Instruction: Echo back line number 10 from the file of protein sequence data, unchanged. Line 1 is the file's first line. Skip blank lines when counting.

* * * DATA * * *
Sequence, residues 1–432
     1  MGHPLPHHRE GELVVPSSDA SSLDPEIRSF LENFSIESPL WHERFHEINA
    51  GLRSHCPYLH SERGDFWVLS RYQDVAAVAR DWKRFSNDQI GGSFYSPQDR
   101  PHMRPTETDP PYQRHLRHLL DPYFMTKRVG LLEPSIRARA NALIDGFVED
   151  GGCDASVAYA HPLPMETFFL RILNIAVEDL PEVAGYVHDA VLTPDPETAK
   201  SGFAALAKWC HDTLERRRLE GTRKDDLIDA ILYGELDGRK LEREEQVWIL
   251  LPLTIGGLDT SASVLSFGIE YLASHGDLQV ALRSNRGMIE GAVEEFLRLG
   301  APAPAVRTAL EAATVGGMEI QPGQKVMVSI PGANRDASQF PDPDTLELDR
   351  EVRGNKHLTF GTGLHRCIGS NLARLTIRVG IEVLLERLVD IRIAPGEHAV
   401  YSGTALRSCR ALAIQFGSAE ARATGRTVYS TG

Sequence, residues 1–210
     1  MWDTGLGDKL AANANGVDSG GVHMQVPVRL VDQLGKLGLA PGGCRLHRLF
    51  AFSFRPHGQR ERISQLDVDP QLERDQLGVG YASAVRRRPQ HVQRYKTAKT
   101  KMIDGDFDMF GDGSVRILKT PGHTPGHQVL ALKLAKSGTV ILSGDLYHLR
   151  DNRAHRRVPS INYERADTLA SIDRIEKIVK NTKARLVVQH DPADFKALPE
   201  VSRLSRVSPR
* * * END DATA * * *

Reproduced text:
   401  YSGTALRSCR ALAIQFGSAE ARATGRTVYS TG